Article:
There are no ball stoppers or black holes in the lineup. This is emblematic when you look at the team’s average seconds per touch, which is the fourth-lowest of any team in the league (per NBA.com).
The ball will always move faster than any being on the court, so being able to achieve and maintain constant ball movement is an even greater asset than touting a bevy of athletic anomalies (just ask the Beautiful Game Spurs).
Think about the concept of modern-day spacing in three stages.
Stage one is the beginner level. This is where you have everybody placed in proper spacing position, but the defense doesn’t respect your shooters enough to react to it (i.e., the 2022-23 Los Angeles Lakers).
Stage two is the intermediate level. In this stage, not only do you have everybody deployed in proper spacing position, but you also have the personnel to stretch the defense out (i.e., the Harden-ball Rockets).
Stage three is the advanced level. The platonic ideal of spacing. At this level, you have proper positioning, you have the personnel to make it matter, and you incorporate the movement patterns to maximize the strain you place on the defense. This is where our friends in Sacramento are in the spacing hierarchy.
Whether it be through five-out sets with Sabonis facilitating on the perimeter or four-out, one-in alignments with him or Fox in the post, Coach Mike Brown almost always has the offense stationed in proper spacing position (stage one).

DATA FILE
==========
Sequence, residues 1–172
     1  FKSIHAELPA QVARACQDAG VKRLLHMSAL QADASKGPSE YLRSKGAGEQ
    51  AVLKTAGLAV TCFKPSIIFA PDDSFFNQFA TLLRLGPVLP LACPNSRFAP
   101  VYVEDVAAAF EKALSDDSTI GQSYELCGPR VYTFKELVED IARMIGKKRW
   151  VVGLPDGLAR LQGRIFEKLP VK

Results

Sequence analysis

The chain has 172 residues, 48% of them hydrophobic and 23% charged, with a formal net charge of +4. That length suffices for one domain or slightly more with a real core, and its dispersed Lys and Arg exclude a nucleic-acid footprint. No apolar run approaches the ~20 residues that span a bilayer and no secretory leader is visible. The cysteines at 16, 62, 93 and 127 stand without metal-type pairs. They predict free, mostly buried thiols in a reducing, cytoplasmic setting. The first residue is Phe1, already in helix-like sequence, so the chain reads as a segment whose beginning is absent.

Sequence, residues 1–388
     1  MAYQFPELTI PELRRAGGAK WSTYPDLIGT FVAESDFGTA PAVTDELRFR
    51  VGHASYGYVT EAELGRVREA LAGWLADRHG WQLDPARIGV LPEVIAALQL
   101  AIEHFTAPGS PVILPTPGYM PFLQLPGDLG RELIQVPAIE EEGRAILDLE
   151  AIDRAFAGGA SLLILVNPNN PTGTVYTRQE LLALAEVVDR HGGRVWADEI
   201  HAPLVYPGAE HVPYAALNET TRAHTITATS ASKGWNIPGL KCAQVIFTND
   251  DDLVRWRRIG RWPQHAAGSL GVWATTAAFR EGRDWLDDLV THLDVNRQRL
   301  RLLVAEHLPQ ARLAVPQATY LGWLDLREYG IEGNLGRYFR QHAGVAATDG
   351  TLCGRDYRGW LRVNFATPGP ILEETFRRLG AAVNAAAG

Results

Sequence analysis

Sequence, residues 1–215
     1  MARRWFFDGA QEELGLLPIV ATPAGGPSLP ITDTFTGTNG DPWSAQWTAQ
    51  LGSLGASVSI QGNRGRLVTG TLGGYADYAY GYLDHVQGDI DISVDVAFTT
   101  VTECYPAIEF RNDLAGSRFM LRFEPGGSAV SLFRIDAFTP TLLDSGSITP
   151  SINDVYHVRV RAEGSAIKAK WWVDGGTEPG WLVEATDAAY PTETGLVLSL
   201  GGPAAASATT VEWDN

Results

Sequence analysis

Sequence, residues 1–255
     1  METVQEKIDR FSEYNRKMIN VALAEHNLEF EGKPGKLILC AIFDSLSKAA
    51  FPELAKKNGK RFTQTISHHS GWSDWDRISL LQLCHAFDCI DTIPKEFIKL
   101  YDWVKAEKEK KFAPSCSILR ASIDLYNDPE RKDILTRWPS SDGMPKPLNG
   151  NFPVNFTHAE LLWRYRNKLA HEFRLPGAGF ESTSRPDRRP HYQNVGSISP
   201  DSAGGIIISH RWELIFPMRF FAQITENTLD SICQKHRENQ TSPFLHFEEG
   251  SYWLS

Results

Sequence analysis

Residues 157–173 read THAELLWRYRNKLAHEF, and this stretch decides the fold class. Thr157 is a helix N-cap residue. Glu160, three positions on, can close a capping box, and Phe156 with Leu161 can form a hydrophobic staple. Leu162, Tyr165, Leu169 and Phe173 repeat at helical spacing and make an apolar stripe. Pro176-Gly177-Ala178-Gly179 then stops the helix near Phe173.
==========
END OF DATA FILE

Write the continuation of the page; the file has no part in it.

And outside of Sabonis, this team is armed to the teeth with perimeter shooting (fifth in made threes per game and three-point percentage), so anytime a team tries to sink in on them or collapse in the paint, they have a lethal shooter to spray it out to on the outside (stage two).
What takes their spacing to another level (stage three) is their ability to sprinkle in cuts and off-ball screens while maintaining this spacing exoskeleton.
In the first clip, we see the Kings’ signature five-out spacing with Sabonis at the top of the arc. From there, they flow into a “Chicago action” (a pindown screen followed by a handoff), which occupies three San Antonio Spurs’ defenders, and creates an open walkway. Davion Mitchell senses this opening and immediately performs a “45 cut” that bypasses the defense for two points. (Also, note how Kevin Huerter lifts up from the corner to the wing, forcing Jeremy Sochan to move out of position to contest Mitchell’s layup).
In the second play, the Kings’ spacing once again leaves the paint relatively open. And to further insure that no one will foil their plans, Harrison Barnes sets a weak-side “exit screen” to distract the two Brooklyn Nets’ defenders from their rim protecting duties.
Reaching stage three is essential to high-level offense in today’s game because defenses are so good that – even with great positioning and personnel – they will eventually adapt their coverage in a way that mitigates the spacing’s effectiveness.
However, if you fuse that with various off-ball sequences like the Kings do, you delay the process of adaptation even longer.
Combine that with Sacramento’s speedy execution, and you have what that drunken dad was getting at that fall Friday night. You have the keys to building an elite offense.